In the closing days of the war, Essex took part in the final telling raids against the Japanese home islands (10 July-15 August). Following the surrender, she continued defensive combat air patrols until 3 September when she was ordered to Breme rton, Wash., for inactivation. On 9 January 1947 she was placed out of commission in reserve.

    Modernization endowed Essex with a new flight deck, and a streamlined island superstructure, on 16 January 1951 when recommissioned, Captain A. W. Wheelock commanding.

    After a brief cruise in Hawaiian waters she began the first of three tours in Far Eastern waters during the Korean war. She served as flagship for Carrier Division 1 and TF 77. She was the first carrier to launch F2H "Banshee" twinjet fighters on comba t missions; on 16 September 1951 one of these planes, damaged in combat, crashed into aircraft parked on the forward flight deck causing an explosion and fire which killed seven. After repairs at Yokosuka she returned to frontline action on 3 October to l aunch strikes up to the Yalu River and provide close air support for U.N. troops.
    On 1 December 1953 she started her final tour of the war, sailing the China Sea with the Peace Patrol. From November 1954 to June 1955 she engaged in training exercises, operated for 3 months with the 7th Fleet, assisted in the Tachen Islands evacuatio n, and engaged in air operations and fleet manuevers off Okinawa.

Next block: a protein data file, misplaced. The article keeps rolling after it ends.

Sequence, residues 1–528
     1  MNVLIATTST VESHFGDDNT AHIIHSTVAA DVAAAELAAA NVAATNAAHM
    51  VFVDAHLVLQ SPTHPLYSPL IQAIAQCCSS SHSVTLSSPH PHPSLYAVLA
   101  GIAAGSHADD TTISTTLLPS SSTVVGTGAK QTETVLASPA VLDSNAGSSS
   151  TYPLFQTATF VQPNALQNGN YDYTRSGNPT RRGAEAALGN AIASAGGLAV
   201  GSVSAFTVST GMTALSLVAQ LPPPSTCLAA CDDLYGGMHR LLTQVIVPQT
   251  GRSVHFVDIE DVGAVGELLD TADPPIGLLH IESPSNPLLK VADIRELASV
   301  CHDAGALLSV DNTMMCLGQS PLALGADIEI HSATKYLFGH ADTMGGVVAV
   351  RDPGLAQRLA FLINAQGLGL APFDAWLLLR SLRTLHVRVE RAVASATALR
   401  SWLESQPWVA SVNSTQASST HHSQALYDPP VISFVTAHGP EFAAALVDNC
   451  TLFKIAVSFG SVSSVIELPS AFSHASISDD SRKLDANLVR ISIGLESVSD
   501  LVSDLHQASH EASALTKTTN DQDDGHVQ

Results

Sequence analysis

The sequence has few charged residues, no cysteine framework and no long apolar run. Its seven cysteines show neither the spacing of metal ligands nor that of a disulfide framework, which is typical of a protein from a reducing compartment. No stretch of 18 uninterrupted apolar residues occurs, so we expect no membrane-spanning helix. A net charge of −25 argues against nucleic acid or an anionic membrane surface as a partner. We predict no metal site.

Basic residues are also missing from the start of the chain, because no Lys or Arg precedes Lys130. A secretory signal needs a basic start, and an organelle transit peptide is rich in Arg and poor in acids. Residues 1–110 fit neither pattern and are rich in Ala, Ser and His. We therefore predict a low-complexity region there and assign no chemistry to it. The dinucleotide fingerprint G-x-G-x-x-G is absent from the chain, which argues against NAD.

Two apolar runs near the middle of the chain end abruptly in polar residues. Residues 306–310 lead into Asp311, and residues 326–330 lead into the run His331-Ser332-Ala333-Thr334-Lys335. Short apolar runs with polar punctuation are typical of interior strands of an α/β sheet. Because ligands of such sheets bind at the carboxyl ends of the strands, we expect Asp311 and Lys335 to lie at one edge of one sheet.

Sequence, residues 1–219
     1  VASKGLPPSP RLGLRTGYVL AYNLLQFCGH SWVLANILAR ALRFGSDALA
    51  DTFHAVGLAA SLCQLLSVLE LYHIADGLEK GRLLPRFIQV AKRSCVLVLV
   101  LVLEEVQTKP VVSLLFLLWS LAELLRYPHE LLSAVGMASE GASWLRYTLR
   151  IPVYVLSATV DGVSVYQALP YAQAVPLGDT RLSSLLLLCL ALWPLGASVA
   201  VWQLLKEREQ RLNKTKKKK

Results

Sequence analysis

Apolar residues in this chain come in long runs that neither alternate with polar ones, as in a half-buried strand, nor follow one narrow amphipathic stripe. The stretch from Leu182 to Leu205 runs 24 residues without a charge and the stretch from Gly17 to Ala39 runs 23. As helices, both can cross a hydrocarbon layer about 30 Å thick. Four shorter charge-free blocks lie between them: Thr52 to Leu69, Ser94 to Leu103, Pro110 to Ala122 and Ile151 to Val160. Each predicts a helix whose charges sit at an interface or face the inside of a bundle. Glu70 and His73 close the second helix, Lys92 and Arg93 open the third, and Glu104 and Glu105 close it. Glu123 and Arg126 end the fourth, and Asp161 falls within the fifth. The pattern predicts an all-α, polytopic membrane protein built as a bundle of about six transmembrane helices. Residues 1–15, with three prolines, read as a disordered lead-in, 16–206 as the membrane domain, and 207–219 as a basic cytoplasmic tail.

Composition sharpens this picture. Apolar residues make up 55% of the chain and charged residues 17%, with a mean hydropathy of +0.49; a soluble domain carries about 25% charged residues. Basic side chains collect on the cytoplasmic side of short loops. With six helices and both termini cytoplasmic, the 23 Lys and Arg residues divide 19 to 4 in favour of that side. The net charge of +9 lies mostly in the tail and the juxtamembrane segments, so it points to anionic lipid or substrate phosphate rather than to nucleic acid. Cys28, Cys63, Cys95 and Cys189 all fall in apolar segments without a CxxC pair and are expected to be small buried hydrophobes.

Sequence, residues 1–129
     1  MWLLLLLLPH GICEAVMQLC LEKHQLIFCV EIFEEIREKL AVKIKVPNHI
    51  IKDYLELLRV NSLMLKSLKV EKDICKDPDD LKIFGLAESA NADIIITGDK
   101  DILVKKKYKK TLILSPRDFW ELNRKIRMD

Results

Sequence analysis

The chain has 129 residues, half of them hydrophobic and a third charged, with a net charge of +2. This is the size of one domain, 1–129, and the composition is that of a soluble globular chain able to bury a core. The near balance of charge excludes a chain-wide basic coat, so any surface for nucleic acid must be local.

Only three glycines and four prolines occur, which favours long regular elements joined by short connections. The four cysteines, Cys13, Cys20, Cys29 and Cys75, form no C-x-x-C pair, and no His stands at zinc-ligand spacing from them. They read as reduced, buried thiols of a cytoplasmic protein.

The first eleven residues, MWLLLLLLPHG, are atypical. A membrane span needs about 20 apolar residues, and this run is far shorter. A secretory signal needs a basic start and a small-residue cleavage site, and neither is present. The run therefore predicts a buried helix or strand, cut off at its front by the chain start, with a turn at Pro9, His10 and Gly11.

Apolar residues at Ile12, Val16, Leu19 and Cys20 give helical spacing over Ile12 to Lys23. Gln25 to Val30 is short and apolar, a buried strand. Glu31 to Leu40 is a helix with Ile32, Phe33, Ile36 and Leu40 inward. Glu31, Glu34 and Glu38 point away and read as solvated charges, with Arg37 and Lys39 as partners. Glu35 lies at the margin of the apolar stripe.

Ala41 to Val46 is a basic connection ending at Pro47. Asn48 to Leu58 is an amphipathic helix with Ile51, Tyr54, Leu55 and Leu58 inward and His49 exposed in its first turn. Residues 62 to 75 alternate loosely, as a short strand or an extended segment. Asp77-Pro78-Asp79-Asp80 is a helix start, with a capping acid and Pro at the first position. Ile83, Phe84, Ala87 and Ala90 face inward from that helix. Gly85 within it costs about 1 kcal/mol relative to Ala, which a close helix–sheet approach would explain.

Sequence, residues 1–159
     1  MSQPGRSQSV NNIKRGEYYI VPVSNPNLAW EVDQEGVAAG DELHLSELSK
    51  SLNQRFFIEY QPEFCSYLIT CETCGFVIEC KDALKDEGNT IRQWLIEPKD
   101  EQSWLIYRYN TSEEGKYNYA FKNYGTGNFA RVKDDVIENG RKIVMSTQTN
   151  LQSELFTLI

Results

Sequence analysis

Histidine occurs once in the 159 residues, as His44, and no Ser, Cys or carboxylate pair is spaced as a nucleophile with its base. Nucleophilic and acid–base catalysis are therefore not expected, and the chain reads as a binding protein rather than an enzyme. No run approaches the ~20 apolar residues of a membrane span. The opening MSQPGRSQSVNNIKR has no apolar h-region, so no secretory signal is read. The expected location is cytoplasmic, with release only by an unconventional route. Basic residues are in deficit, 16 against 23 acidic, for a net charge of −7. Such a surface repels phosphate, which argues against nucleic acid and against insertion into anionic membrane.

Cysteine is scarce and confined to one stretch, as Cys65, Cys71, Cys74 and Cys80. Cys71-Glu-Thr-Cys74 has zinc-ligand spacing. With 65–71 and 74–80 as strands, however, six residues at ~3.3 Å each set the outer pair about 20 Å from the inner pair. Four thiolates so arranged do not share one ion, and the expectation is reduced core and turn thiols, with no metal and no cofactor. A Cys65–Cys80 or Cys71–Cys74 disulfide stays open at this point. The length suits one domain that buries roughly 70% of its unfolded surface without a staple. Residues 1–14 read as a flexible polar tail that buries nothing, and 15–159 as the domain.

In July 1955 Essex entered Puget Sound Naval Shipyard for repairs and extensive alterations, including installation of an angled flight deck. Modernization completed, she rejoined the Pacific Fleet in March 1956. For the next 14 months the carri er operated off the west coast, except for a 6-month cruise with the 7th Fleet in the Far East. Ordered to join the Atlantic Fleet for the first time in her long career, she sailed from San Diego on 21 June 1957, rounded Cape Horn, and arrived in Mayport, Fla., on 1 August.
    In the fall of 1957 Essex participated as an anti-submarine carrier in the NATO exercises, "Strike Back," and in February 1968 deployed with the 6th Fleet until May when she shifted to the eastern Mediterranean. Alerted to the Middle East crisis on 14 July 1958 she sped to support the U.S. Peace Force landing in Beirut, Lebanon, launching reconnaissance and patrol missions until 20 August. Once again she was ordered to proceed to Asian waters, and transmitted the Suez Canal to arrive in the Taiw an operational area where she joined TF 77 in conducting flight operations before rounding the Horn and proceeding back to Mayport.

    Essex joined with the 2d Fleet and British ships in Atlantic exercises and with NATO forces in the eastern Mediterranean during the fall of 1959. In December she aided victims of a disastrous flood at Frejus, France.
    In the spring of 1960 she was converted into an ASW Support Carrier and was thereafter homeported at Quonset Point, R.I. Since that time she has operated as flagship of Carrier Division 18 and Antisubmarine Carrier Group Three. She conducted rescue and salvage operations off the New Jersey coast for a downed blimp; cruised with midshipmen, and was deployed on NATO and CENTO exercises. In November she joined the French navy in Operation "Jet Stream" and since that time has continued her widespread activ ities in protection of freedom and peace.